Monday, August 1, 2022

The Killing – Kino Lorber (4k UHD)

Theatrical Release Date: USA, 1956
Director: Stanley Kubrick
Writers: Stanley Kubrick, Jim Thompson, Lionel White
Cast: Sterling Hayden, Coleen Gray, Vince Edwards, Jay C. Flippen, Ted de Corsia, Marie Windsor, Elisha Cook Jr., Joe Sawyer, James Edwards, Timothy Carey, Kola Kwariani

Release Date: July 26th, 2022
Approximate Running Time: 83 Minutes 54 Seconds
Aspect Ratio: 1.66:1 Widescreen / 2160 Progressive / HEVC / H.265 / Dolby Vision HDR10
Rating: NR
Sound: DTS-HD Mono English
Subtitles: English
Region Coding: Region Free
Retail Price: $39.95

"With fascinating detail, legendary filmmaker Stanley Kubrick (2001: A Space Odyssey, A Clockwork Orange) lays bare the inner workings of a bold racetrack robbery. Among the crooks are Sterling Hayden (The Asphalt Jungle, Naked Alibi) as the deadly cool mastermind, Elisha Cook Jr. (The Maltese Falcon) as a shy teller and Timothy Carey (Paths of Glory) as a puppy-loving sharpshooter. The plan is set. Nothing can go wrong. Or can it?." - synopsis provided by the distributor

Video: 5/5

Here’s the information provided about the transfer, "From 4K Scan of the Original Camera Negative."

The Killing comes on a 66 GB dual layer 4K UHD

Disc Size: 58.7 GB

Feature: 51.1 GB

The source used for this transfer looks excellent, and when compared to its previous home video releases, it is a noticeable improvement in every way. Most notably, there are no issues related to chroma noise that plagued previous home video releases. Image clarity, contrast, and shadow details are solid; there are no issues with compression; and the grain looks organic.

Audio: 4.75/5

This release comes with one audio option, a DTS-HD mono mix in English, and included with this release are removable English subtitles. The audio is in great shape; dialog comes through clearly; everything sounds balanced and robust when it should.


The extras for this release include reversible cover art, a limited-edition slipcover, an audio commentary with author/film Historian Alan K. Rode, and theatrical trailers for Killer’s Kiss (1 minute 46 seconds, DTS-HD mono English, no subtitles), The Killing (1 minute 46 seconds, DTS-HD mono English, no subtitles), and Paths of Glory (3 minutes, DTS-HD mono English, no subtitles).


Stanley Kubrick had directed two feature films, Fear and Desire and Killer’s Kiss, before The Killing. For me, his true debut as a professional filmmaker will always be The Killing. Instead of being a one-man operation behind the scenes like he had been with Fear and Desire and Killer’s Kiss, with The Killing, he would finally get the resources he needed, a creative partner in producer James B. Harris, and the first of many films where he would get to work with a solid cast.

The thing that immediately grabbed me while watching The Killing was Stanley Kubrick’s growth as a filmmaker from Killer’s Kiss to The Killing. One would be hard pressed to name a filmmaker whose growth was more substantial than Stanley Kubrick’s between these two films.

For The Killing, Stanley Kubrick would return to familiar ground, the crime film genre. And though he had a good test run with Killer’s Kiss He would take elements and themes from Killer’s Kiss and more fully flesh them out with The Killing.

Stanley Kubrick was known for being a meticulous filmmaker who knew what he wanted and would keep looking for it until he got it, even if it meant sacrificing actors, who were merely props in the grand scheme of his cinema. That said, Stanley Kubrick was always able to put together impressive casts who were all up to the challenges he put before them.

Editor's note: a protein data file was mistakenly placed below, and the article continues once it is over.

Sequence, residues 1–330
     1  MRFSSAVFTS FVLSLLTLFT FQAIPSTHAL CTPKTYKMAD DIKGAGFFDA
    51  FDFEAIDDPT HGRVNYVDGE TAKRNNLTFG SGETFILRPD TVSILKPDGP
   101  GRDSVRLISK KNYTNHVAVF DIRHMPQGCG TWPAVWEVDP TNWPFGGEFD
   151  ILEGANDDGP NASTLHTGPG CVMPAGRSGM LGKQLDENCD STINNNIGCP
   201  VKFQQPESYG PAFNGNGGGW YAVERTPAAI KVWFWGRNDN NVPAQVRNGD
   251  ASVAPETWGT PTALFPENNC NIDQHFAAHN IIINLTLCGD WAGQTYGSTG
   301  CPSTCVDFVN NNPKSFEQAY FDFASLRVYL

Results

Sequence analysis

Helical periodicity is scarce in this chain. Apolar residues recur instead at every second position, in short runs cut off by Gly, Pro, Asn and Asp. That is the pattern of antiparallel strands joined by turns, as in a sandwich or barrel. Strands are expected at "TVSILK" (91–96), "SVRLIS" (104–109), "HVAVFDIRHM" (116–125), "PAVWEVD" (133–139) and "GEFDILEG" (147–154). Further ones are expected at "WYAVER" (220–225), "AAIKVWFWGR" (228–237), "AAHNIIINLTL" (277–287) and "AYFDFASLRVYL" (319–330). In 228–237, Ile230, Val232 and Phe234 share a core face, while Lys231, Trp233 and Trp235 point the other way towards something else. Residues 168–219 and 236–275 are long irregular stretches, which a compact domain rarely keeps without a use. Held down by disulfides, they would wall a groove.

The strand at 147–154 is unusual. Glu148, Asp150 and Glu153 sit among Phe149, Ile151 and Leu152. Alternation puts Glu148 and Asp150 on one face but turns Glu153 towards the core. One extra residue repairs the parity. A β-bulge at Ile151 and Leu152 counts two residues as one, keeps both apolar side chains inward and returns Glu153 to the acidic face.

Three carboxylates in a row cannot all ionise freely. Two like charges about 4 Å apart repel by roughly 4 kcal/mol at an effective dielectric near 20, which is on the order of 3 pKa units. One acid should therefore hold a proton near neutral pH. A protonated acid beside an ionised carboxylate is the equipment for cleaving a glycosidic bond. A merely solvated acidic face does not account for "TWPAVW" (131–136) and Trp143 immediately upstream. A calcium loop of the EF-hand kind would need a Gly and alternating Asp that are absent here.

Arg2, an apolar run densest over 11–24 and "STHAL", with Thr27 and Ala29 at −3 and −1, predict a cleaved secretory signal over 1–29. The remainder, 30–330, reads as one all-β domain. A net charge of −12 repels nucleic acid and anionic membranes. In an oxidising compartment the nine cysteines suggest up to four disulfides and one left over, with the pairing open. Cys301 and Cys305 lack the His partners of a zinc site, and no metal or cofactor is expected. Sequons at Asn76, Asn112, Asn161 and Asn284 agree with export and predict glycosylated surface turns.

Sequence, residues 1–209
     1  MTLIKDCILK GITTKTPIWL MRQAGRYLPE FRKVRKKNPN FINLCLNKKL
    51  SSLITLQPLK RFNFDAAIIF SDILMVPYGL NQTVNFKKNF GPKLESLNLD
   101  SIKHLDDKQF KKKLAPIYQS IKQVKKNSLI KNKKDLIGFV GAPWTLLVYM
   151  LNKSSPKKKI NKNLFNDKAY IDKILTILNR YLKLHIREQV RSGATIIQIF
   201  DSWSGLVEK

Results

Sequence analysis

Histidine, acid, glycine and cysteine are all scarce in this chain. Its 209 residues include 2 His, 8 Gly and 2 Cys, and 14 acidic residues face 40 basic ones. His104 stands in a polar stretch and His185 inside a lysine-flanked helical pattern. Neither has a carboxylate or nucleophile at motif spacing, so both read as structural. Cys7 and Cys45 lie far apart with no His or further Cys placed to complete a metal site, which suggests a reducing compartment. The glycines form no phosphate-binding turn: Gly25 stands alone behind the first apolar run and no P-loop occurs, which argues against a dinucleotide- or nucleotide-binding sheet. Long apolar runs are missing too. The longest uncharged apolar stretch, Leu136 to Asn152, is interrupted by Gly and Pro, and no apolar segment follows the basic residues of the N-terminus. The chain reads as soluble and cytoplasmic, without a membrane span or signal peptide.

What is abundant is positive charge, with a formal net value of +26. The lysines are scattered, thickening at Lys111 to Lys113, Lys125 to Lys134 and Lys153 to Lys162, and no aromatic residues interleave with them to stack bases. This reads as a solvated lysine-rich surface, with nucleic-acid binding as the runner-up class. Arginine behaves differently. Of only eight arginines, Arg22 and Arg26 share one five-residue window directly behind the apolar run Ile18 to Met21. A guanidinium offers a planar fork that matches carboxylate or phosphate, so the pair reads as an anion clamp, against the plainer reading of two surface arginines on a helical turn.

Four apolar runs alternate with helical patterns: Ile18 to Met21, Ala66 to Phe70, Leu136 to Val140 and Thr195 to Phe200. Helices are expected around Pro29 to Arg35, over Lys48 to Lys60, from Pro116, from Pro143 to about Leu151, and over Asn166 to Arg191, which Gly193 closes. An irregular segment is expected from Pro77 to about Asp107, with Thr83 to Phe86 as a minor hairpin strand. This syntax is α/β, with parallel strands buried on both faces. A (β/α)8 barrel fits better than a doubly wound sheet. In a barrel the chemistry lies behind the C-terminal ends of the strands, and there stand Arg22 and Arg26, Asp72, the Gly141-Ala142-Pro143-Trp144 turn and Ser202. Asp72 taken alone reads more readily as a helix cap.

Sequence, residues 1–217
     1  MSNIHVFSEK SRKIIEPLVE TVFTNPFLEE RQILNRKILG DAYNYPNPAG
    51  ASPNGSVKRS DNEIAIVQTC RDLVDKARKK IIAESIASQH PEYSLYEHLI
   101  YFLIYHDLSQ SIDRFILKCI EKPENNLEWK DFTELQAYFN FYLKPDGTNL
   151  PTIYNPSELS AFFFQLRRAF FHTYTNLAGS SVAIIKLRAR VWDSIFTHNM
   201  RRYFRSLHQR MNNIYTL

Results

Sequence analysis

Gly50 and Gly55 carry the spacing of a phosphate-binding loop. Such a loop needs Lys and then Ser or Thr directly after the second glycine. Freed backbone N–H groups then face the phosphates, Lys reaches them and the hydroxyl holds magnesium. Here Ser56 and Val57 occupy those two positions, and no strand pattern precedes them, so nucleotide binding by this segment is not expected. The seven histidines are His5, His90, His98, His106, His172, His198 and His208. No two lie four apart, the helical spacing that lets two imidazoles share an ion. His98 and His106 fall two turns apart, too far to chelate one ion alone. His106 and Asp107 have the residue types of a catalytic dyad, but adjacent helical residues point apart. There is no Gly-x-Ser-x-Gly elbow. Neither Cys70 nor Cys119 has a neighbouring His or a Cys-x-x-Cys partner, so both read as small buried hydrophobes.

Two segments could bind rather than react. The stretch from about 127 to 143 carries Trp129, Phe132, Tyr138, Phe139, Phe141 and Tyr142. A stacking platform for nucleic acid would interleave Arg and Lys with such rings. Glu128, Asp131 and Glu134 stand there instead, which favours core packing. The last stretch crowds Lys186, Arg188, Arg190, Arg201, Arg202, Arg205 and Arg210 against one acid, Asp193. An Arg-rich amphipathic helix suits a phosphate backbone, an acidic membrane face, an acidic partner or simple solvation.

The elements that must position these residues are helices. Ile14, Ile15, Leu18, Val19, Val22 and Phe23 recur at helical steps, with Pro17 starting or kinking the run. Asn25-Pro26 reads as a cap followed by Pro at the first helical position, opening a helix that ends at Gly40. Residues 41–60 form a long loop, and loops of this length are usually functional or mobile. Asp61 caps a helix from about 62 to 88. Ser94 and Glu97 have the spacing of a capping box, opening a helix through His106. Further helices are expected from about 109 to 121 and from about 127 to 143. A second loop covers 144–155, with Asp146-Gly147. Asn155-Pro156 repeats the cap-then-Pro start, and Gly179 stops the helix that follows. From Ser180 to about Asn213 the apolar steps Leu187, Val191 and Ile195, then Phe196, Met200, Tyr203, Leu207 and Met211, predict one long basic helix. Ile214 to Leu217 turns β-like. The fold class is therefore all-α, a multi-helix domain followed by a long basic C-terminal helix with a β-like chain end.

The Killing features an amazing cast who are great in their respective roles, especially Sterling Hayden (Dr. Strangelove or: How I Learned to Stop Worrying and Love the Bomb) in the role of the protagonist, Johnny Clay, a felon who has come up with a scheme to rob a race track for two million dollars. Other notable performances include Timothy Carey (The World's Greatest Sinner) in the role of Nikki Arcane, a gunman hired to kill a racing horse, and Marie Windsor (Chamber of Horrors) in the role of Sherry Peatty, the backstabbing girlfriend of one of the men hired for the heist.

Though all elements are important in a Stanley Kubrick film, when discussing Stanley Kubrick's cinema, nothing stands out more than the visuals. That said, The Killing would mark the first time Stanley Kubrick worked with a cinematographer, and though The Killing is visually filled with imagery that would become synonymous with the cinema of Stanley Kubrick, one must not overlook cinematographer Lucien Ballard’s (The Wild Bunch) contributions to The Killing.

From a production standpoint, The Killing is a textbook example of a filmmaker's clicking on cylinders. Content-wise, The Killing does a superb job exploiting all the elements that are synonymous with film noir. Another area where The Killing excels is its brilliant use of narrative structure and a sensational ending that provides a perfect coda. Ultimately, The Killing is an exceptional film that is arguably one of the best Film noir's ever made.

The Killing makes its way to 4K UHD via an excellent release from Kino Lorber that comes with a solid audio/video presentation and an exceptional audio commentary that is filled with insight about The Killing and Stanley Kubrick, highly recommended.

                                                          4K UHD screenshots.

Written by Michael Den Boer

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